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Open Access Research article

Perturbing the metabolic dynamics of myo-inositol in developing Brassica napus seeds through in vivo methylation impacts its utilization as phytate precursor and affects downstream metabolic pathways

Jinzhuo Dong1, Wei Yan2, Cheryl Bock2, Kateryna Nokhrina2, Wilf Keller3 and Fawzy Georges2*

Author Affiliations

1 Wilmar International, 56 Neil Rd, Singapore 088830, Singapore

2 National Research Council Canada, Plant Biotechnology Institute, 110 Gymnasium Place, Saskatoon, SK S7N 0W9, Canada

3 Ag-West Bio Inc, 101 – 111 Research Drive, Saskatoon, SK S7N 3R2, Canada

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BMC Plant Biology 2013, 13:84  doi:10.1186/1471-2229-13-84

Published: 21 May 2013



myo-Inositol (Ins) metabolism during early stages of seed development plays an important role in determining the distributional relationships of some seed storage components such as the antinutritional factors, sucrose galactosides (also known as raffinose oligosaccharides) and phytic acid (PhA) (myo-inositol 1,2,3,4,5,6-hexakisphosphate). The former is a group of oligosaccharides, which plays a role in desiccation at seed maturation. They are not easily digested by monogastric animals, hence their flatulence-causing properties. Phytic acid is highly negatively charged, which chelates positive ions of essential minerals and decreases their bioavailability. It is also a major cause of phosphate-related water pollution. Our aim was to investigate the influence of competitive diversion of Ins as common substrate on the biosynthesis of phytate and sucrose galactosides.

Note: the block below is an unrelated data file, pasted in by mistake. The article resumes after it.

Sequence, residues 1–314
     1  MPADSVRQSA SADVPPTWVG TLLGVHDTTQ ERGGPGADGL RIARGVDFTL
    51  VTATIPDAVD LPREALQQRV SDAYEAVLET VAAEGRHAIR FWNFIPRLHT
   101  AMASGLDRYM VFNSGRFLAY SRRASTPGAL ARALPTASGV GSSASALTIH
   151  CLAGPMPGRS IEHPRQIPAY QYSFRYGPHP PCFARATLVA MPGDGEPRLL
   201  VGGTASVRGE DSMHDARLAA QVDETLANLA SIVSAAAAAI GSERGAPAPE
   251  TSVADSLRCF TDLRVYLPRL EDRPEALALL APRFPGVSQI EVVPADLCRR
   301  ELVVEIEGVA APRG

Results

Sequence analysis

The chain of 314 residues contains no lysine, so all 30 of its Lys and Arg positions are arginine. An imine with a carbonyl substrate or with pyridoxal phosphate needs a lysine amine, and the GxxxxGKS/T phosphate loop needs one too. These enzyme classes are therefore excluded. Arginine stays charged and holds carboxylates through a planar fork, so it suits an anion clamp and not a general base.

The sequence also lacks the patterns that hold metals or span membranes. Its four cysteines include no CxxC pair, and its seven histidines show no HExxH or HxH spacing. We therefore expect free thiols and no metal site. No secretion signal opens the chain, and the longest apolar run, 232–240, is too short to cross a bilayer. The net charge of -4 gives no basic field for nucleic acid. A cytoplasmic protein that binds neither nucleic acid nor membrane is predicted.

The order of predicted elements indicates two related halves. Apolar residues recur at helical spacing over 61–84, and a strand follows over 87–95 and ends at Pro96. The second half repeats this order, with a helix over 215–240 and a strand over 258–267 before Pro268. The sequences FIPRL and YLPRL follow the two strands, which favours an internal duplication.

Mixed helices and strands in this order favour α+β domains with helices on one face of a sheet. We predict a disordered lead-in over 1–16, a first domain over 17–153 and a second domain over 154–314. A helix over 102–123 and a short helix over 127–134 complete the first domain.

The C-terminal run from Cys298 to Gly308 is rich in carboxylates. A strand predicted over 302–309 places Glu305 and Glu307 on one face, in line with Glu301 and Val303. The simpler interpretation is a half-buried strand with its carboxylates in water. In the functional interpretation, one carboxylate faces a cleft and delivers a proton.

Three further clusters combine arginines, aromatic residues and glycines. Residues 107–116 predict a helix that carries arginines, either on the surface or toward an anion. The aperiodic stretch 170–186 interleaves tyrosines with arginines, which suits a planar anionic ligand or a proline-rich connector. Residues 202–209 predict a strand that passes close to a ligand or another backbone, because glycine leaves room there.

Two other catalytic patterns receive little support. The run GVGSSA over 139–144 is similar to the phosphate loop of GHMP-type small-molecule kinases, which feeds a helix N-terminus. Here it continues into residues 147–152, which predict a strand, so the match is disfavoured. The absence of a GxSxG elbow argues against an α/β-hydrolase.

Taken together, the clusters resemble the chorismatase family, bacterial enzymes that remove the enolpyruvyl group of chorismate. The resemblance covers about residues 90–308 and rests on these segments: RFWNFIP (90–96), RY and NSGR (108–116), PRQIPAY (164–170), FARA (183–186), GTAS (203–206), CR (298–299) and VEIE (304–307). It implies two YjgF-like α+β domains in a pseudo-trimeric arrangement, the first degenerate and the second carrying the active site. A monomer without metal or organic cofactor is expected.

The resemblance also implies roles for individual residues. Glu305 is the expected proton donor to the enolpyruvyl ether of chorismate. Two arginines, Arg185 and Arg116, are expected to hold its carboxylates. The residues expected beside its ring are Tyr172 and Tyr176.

We have studied the initial metabolic patterns of Ins in developing seeds of Brassica napus and determined that early stages of seed development are marked by rapid deployment of Ins into a variety of pathways, dominated by interconversion of polar (Ins phosphates) and non-polar (phospholipids) species. In a time course experiment at early stages of seed development, we show Ins to be a highly significant constituent of the endosperm and seed coat, but with no phytate biosynthesis occurring in either tissue. Phytate accumulation appears to be confined mainly within the embryo throughout seed development and maturation. In our approach, the gene for myo-inositol methyltransferase (IMT), isolated from Mesembryanthemum crystallinum (ice plant), was transferred to B. napus under the control of the seed-specific promoters, napin and phaseolin. Introduction of this new metabolic step during seed development prompted Ins conversion to the corresponding monomethyl ether, ononitol, and affected phytate accumulation. We were able to produce homozygous transgenic lines with 19% - 35% average phytate reduction. Additionally, changes in the raffinose content and related sugars occurred along with enhanced sucrose levels. Germination rates, viability and other seed parameters were unaffected by the IMT transgene over-expression.


Competitive methylation of Ins during seed development reduces seed antinutritional components and enhances its nutritional characteristics while maintaining adequate phosphate reserves. Such approach should potentially raise the canola market value and likely, that of other crops.

Brassica napus; Seed coat; Protein translation; Ononitol; Seed development; myo-Inositol methyltransferase; Phytic acid; Sucrose; Raffinose oligosaccharides; Galactinol